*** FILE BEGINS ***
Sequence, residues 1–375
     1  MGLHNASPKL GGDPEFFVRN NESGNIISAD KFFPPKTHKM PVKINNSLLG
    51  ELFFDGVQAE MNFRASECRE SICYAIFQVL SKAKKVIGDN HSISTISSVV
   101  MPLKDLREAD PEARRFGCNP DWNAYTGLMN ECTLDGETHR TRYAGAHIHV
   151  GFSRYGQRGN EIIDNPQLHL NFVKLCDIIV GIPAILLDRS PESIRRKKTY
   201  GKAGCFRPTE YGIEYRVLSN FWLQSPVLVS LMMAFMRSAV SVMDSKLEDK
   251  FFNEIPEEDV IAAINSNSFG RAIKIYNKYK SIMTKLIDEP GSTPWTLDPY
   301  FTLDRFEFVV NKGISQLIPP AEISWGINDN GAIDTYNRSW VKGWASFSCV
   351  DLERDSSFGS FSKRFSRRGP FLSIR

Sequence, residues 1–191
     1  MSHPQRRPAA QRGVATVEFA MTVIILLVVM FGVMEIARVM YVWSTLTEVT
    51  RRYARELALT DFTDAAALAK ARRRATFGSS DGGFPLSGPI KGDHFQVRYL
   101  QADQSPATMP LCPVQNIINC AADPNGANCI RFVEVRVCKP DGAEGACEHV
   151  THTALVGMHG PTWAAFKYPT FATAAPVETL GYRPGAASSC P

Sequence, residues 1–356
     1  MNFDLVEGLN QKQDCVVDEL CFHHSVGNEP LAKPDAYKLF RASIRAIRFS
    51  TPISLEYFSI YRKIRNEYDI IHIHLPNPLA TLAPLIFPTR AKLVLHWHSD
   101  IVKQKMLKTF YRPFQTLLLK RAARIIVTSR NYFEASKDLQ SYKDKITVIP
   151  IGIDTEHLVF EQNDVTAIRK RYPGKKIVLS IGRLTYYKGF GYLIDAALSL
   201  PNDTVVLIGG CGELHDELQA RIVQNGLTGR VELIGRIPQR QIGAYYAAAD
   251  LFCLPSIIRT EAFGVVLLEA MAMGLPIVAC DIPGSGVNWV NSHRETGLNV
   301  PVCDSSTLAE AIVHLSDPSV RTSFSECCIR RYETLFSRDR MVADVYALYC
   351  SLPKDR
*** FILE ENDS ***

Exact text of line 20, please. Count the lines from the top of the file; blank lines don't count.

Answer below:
   201  PNDTVVLIGG CGELHDELQA RIVQNGLTGR VELIGRIPQR QIGAYYAAAD